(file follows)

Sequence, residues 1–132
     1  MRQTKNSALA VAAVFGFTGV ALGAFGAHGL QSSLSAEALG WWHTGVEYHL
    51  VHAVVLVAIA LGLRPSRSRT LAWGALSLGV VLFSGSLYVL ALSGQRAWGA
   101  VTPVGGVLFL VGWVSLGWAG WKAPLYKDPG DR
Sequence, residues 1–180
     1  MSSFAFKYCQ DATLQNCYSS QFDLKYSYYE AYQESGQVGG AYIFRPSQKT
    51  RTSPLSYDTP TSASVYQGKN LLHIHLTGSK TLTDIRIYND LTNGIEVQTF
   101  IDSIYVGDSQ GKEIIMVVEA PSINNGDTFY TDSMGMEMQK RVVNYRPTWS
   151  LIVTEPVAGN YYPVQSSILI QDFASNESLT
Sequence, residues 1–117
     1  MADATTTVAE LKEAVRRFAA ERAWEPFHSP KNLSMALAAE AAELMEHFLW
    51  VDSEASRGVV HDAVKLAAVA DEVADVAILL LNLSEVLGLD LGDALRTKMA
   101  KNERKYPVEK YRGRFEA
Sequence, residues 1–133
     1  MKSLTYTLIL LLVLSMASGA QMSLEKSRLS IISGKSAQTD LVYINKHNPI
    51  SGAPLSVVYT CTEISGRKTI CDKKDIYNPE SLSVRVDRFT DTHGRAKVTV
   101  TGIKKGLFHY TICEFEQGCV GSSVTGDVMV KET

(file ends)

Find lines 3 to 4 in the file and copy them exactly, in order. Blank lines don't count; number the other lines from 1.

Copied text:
    51  VHAVVLVAIA LGLRPSRSRT LAWGALSLGV VLFSGSLYVL ALSGQRAWGA
   101  VTPVGGVLFL VGWVSLGWAG WKAPLYKDPG DR